Medical Errors and Surgical Malpractice: What You Should Know

Medical errors occur too often. They are the third leading cause of death in the United States, as reported in a May 2016 research paper authored by physicians at Johns Hopkins School of Medicine in Baltimore, Maryland and published in the British Journal of Medicine. The authors reported that more than 250,000 deaths per year in the United States are due to medical error, representing approximately 10% of all deaths. Hundreds of thousands of others are fortunate to survive medical errors committed by their physicians, but are left permanently injured.

Some of the 250,000 annual medical error deaths are attributable to surgical “never events.” Surgical “never events”, as the name implies, represent devastating and preventable surgical events, which never should have happened to the patient. Some common surgical never events include but are not limited to the following:

  • Foreign objects left in patient
  • Wrong site surgery
  • Wrong patient surgery
  • Intra-operative or immediate post-surgical death in a patient classified by anesthesia as healthy

In 2012, researchers at Johns Hopkins Medical Center reported the following: each year, more than 4,000 surgical never events occur in the United States. The resulting injuries or deaths caused by never events are understandably disturbing to patients and their families who enter surgery expecting an uneventful procedure followed by a full recovery.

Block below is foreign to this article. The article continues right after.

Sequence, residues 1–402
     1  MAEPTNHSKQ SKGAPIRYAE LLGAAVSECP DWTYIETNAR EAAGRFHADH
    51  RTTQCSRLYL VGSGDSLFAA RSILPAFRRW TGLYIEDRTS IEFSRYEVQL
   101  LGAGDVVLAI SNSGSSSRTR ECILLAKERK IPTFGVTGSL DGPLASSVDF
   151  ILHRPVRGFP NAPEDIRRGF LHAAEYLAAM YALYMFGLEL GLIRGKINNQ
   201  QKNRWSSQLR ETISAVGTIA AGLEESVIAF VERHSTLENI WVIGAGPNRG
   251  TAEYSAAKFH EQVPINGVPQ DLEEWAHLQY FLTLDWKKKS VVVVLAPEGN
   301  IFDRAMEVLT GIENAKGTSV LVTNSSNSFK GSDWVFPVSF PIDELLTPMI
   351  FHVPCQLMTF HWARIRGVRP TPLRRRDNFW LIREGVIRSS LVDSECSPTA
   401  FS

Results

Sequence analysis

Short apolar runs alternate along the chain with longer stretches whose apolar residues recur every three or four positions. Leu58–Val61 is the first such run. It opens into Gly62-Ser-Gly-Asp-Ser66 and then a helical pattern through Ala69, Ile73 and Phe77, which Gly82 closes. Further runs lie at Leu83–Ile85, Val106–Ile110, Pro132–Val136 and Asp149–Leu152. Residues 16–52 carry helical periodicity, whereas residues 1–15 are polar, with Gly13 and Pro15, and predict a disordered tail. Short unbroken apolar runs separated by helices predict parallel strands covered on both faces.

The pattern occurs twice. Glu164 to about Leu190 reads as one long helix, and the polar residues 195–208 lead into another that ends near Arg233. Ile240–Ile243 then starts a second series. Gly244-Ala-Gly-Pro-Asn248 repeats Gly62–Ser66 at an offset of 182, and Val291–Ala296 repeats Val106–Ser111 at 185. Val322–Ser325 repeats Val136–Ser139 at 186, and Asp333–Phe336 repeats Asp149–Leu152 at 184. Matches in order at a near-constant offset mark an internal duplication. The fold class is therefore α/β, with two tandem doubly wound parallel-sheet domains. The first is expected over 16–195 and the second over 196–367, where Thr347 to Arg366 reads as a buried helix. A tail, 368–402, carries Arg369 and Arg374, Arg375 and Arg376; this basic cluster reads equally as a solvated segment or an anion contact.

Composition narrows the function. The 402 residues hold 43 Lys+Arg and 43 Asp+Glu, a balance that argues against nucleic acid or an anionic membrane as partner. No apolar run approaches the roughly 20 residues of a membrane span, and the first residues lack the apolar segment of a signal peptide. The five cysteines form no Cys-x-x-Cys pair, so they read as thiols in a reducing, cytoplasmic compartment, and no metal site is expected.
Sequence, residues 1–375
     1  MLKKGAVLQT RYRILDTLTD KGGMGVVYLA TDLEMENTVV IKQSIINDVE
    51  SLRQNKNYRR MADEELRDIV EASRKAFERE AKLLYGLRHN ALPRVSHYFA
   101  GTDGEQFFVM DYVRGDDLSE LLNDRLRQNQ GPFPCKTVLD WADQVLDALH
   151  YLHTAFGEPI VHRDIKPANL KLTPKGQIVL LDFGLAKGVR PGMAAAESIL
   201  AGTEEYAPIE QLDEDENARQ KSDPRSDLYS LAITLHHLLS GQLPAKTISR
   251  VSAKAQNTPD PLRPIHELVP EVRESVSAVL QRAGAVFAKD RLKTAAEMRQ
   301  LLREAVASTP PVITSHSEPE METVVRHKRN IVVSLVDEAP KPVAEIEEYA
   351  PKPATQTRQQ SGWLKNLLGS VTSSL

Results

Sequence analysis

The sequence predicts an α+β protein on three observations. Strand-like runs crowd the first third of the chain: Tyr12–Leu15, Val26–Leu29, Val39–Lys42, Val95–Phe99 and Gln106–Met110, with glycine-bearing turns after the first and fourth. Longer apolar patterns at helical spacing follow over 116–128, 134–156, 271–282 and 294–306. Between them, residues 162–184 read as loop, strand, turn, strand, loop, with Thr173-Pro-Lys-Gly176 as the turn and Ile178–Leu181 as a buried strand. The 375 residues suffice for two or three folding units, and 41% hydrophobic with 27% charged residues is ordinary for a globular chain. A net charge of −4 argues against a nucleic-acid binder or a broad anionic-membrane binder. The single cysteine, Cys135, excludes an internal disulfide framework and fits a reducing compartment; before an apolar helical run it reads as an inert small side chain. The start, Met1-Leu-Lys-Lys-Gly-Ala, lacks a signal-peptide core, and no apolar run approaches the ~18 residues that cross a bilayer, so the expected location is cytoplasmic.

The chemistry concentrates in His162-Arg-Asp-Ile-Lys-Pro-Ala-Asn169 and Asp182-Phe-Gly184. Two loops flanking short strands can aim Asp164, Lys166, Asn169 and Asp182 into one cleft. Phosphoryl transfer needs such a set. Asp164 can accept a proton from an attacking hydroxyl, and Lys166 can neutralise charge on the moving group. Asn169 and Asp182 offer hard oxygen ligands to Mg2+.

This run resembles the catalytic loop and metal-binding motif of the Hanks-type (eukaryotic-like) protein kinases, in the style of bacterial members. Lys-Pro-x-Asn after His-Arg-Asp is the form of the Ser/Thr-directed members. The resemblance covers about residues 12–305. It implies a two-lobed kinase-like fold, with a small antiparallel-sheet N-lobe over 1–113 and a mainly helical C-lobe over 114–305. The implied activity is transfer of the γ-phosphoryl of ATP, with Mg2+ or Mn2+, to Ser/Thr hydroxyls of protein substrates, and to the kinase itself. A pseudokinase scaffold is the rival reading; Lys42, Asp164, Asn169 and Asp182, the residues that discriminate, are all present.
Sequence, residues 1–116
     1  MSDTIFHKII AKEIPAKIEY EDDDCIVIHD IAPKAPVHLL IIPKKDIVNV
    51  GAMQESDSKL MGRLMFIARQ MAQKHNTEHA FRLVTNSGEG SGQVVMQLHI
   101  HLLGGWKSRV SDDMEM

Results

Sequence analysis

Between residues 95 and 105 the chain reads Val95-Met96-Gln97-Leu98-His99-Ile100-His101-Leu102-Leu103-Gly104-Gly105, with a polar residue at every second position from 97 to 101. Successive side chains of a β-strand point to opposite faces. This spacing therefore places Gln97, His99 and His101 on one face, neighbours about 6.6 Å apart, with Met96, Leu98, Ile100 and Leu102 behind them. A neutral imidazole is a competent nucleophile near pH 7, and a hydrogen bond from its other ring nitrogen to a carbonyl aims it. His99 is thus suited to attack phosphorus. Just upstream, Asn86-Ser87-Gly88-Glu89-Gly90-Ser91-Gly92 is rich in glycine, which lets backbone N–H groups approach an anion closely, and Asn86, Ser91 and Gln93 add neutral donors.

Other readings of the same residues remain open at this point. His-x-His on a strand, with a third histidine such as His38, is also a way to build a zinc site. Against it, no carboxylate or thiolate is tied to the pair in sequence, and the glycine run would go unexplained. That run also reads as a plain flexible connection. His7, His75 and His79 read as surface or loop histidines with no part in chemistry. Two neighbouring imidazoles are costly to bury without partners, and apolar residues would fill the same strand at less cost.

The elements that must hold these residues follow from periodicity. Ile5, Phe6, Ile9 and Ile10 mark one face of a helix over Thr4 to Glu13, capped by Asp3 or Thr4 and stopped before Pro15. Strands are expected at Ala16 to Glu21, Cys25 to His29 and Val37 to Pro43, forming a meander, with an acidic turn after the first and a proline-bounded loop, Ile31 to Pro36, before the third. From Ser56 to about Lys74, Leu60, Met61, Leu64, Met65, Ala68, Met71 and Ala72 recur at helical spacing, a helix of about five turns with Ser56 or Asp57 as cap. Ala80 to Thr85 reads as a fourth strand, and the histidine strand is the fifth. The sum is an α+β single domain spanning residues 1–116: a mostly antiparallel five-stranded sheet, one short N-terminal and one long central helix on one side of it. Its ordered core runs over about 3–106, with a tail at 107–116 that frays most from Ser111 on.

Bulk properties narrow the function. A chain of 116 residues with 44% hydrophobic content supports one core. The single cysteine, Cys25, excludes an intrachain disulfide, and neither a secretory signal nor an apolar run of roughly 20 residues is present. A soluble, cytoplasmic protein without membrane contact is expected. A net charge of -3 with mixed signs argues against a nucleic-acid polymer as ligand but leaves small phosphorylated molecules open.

To be successful in a surgical malpractice case, the patient must prove that the patient’s physician deviated from the standard of care of a reasonably competent physician. Never events virtually always represent malpractice. Some surgical complications or incidents do not qualify as “never events” but still represent viable causes of action nonetheless. As an attorney who has represented many individuals and families who have fallen victim to never events, and other surgical complications, I have extensive experience investigating the facts of a particular surgical complication, and then making a recommendation whether or not to proceed with a lawsuit.

It is important to note that you always have the right to bring a civil lawsuit even though you signed a surgical consent form. Many people believe that a surgical consent form, which identifies some surgical complications, somehow eliminates their right to bring a civil lawsuit later on. That is not accurate.

If you believe that you or a family member has been the victim of a surgical error, the attorneys at Decof, Barry, Mega & Quinn, P.C. are available to meet and speak with you about your circumstances. For many, just getting answers about what caused their surgical complication(s) can be gratifying.

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